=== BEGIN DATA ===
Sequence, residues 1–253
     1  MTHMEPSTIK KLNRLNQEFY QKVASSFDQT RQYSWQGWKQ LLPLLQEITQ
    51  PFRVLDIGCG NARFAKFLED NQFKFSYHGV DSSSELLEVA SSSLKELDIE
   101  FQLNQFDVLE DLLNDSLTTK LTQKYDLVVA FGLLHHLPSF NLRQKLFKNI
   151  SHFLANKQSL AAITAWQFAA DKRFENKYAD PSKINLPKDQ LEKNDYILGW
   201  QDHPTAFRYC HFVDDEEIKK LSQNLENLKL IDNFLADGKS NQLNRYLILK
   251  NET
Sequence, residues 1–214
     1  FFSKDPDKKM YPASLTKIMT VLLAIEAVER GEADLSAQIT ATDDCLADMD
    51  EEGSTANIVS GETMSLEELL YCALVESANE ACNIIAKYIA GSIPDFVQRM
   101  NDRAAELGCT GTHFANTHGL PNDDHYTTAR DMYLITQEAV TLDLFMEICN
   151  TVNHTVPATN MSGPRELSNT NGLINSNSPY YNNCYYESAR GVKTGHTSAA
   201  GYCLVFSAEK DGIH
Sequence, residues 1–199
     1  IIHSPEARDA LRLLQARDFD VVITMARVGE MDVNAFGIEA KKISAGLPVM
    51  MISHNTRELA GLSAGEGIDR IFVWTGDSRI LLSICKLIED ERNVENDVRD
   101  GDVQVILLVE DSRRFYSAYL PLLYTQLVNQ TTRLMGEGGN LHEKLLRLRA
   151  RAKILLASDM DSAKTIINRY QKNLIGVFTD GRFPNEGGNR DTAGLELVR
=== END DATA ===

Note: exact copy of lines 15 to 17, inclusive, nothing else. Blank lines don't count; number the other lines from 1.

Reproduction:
     1  IIHSPEARDA LRLLQARDFD VVITMARVGE MDVNAFGIEA KKISAGLPVM
    51  MISHNTRELA GLSAGEGIDR IFVWTGDSRI LLSICKLIED ERNVENDVRD
   101  GDVQVILLVE DSRRFYSAYL PLLYTQLVNQ TTRLMGEGGN LHEKLLRLRA